It may be helpful to conclude by suggesting four of the (many) ways in which the biblical doctrine of immortality differs from the Platonic. First, it is the whole person who gains immortality, not the soul or spirit that inherently possesses immortality. Secondly, immortality is gained by the resurrection transformation, not by birth, and therefore is a future gift of God, not a present inalienable characteristic of human nature. The Christian’s entrance upon the state of immortality will be by God’s act of resurrection which will be the climax of the Spirit’s process of transformation. Thirdly, the destiny of the Christian is somatic immortality, not disembodied or purely spiritual immortality. Fourthly, possession of immortality is dependent on relationship to the Second Adam, not the first Adam. It results from union with Christ, not from being a mortal.
1 Immortality of the Soul or Resurrection of the Dead? The Witness of the New Testament (London, 1958). Of the many reviews of this monograph, see in particular Ch. Masson in Revue de Théologie et de Philosophic 8 (1958), pp. 250–67.
2 For a discussion of these concepts as they are found in Old Testament and intertestamental literature, see A. T. Nikolainen Der Aufermehungsglauben in der Bibel and ihrer Umwelt (2 vols.) (Helsinki, 1944–46); R. Martin-Achard, De la mort à la resurrection d’aprés l’AT (Paris, 1956); G. W. E. Nickelsburg, Resurrection, Immortality and Eternal Life in Intertestamental Judaism (London, 1972); G. Stemberger, Der Leib der Auferstehung(Rome, 1972); H. C. C. Cavallin, Life After Death, Part 1 (Lund, 1974).
3 The biblical doctrine of the judgment and consequent reward or punishment of all without exception implies the persistence of every person through and beyond death.
4 ‘Life’ and ‘eternal life’ are interchangeable in Pauline usage, as in Johannine (see R. W. Thomas, ‘The Meaning of the Terms “Life” and “Death” in the Fourth Gospel and in Paul’, Scottish Journal of Theology 21 (1968), pp. 199–212, especially p. 204).
5 A. Oepke in Theological Dictionary of the New Testament, I, p. 369.
6 See the note in F. F. Bruce, The Acts of the Apostles. The Greek Text with Introduction and Commentary(London, 1952), p. 333.
7 P. Volz (Die Eschatologie der jüdischen Genreinde, Tübingen, 1934, pp. 249–55; cf. pp. 117–21) traced the three basic views concerning the nature of resurrection that he found in Jewish literature (viz., ‘Neubeseelung des alien Körpers’; ‘Wiedervereinigung des alten Körpers and der alten Seele’; ‘Neubeleibung der aufbewahrten Seele’—see op. cit., p. ix) to a materialistic, a materialistic-spiritual, and a spiritual anthropology (respectively). He located the religious motive behind the emphasis on the body and its restoration in the necessity for the maintenance of personal identity, and the religious motive behind the stress on the spirit and its embodiment in a new corporeality in the need for divine perfection and freedom from sin.
8 On the significance of the phrase ‘the resurrection of the flesh’ in credal formulations, see W. Bieder, ‘Auferstehung des Fleisches oder des Leibes? Eine biblischtheologische and dogmengeschichtliche Studie’, in Theologische Zeitschrift, I (1945), pp. 105–20; J. A. Schep, The Nature of the Resurrection Body (Grand Rapids, Michigan, 1964), pp. 220–27 (Appendix II); and J. G. Davies, ‘Factors leading to the Emergence of Belief in the Resurrection of the Flesh,’ in Journal of Theological Studies, 23 (1972), pp. 448–55. Definition of terms is again crucial. If ‘flesh’ can be shown to signify ‘person’ or ‘man in his flesh-body’ in biblical and patristic usage, one of the chief objections to the phrase ‘the resurrection of the flesh’ is removed.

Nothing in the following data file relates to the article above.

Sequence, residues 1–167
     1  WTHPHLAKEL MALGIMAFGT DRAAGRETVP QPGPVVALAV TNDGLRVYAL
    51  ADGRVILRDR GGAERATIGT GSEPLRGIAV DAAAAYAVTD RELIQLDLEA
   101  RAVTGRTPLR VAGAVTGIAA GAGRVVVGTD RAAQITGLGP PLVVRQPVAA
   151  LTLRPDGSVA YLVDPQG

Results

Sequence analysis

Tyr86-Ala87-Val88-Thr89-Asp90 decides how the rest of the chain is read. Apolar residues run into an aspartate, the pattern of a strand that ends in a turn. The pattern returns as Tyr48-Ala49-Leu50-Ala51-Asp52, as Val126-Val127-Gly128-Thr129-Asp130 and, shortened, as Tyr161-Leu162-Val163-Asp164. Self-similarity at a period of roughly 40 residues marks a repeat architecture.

9 For a discussion of the doctrine of ‘The Resurrection of the Body’ in the early Christian centuries, see articles bearing this title by R. M. Grant in Journal of Religion, 28 (1948), pp. 120–30, 188–208. A review of ‘Contemporary Exegetical Understanding of “the Resurrection of the Body” ’ may be found J. Gnilka’s article of this title in Immortality and Resurrection, ed. P. Benoit and R. Murphy (New York, 1970), pp. 129–41.
10 See C. R. Bowen, The Resurrection in the New Testament (New York, 1911), p. 76.
11 Le sort des trépossés2 (Neuchatel, 1966), pp. 60f. But Menoud tends to oversimplify when he distinguishes between three competing eschatologies (op. cit., pp. 14, 15; see also p. 50, n. 1; pp. 85, 86): Greek idealistic eschatology, involving the immortality of the soul and deliverance from embodiment; Jewish materialistic eschatology, involving the resurrection of the flesh and the eternality of corporeality; and Christian realistic eschatology, involving the resurrection of the person and the redemption of corporeality itself.
12 Thus 1. Héring, ‘Saint Paul a-t-il enseigné deux résurrections?’ in Revue d’histoire et de philosophic religieuses, 12 (1932), pp. 308f. J. B. Lightfoot, however, commenting on Philippians 3:11 (Saint Paul’s Epistle to the Philippians,’ London, 1894, p. 151) makes a distinction between hē onastasis tōn nekrōn (e.g., 1 Cor. 15:42) which includes both ‘the resurrection of life’ and ‘the resurrection of judgment’ (Jn. 5:29), and (hē)anastasis (hē) ek nekrōn (Lk. 20:35; Acts 4:2; 1 Pet. 1:3) which is restricted to ‘the resurrection of life’. On the other hand, J. Jeremias believes that in 1 Corinthians 15 Paul draws a careful distinction between hoi nekroi(deceased Christians) and the anarthrous nekroi (the dead in general) (“ ‘Flesh and Blood cannot inherit the Kingdom of God” (1 Cor. 15:50)’, in New Testament Studies, 2 (1955–56), p. 155)!